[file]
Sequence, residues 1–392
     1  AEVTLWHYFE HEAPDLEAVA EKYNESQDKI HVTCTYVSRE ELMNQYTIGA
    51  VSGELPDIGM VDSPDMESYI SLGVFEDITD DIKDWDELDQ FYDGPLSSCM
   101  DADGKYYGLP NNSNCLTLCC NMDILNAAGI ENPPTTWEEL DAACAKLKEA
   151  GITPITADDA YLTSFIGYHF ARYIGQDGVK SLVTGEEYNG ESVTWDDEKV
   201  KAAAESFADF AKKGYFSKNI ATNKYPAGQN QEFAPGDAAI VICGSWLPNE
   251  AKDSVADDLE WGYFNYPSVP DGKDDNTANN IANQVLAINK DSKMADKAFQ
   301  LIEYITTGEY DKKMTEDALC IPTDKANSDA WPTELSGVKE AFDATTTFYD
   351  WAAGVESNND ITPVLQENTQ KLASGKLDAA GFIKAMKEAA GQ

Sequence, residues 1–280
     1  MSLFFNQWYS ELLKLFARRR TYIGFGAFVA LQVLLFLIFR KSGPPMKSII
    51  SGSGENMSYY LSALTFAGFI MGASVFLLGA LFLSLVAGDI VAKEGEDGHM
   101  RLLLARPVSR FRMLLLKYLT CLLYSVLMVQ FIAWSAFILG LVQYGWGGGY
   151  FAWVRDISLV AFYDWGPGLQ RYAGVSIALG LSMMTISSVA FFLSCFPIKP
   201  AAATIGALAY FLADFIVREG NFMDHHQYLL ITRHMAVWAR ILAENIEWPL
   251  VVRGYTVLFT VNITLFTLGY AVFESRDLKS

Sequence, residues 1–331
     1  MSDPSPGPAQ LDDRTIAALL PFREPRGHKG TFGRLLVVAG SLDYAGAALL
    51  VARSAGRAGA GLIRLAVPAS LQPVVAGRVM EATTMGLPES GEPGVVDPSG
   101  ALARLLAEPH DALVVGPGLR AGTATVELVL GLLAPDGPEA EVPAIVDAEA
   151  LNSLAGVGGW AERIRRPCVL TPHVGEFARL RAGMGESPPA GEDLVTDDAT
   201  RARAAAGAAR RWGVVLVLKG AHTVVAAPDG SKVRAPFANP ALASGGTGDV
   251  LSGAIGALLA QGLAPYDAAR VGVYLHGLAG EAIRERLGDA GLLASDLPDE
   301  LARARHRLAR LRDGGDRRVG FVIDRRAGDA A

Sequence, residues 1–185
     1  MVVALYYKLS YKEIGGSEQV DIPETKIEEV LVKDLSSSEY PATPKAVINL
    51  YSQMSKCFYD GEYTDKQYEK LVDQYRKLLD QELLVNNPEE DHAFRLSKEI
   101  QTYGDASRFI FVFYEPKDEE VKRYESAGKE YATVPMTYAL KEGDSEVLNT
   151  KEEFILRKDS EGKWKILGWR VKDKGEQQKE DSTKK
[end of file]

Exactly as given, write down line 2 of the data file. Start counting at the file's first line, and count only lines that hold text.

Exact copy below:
     1  AEVTLWHYFE HEAPDLEAVA EKYNESQDKI HVTCTYVSRE ELMNQYTIGA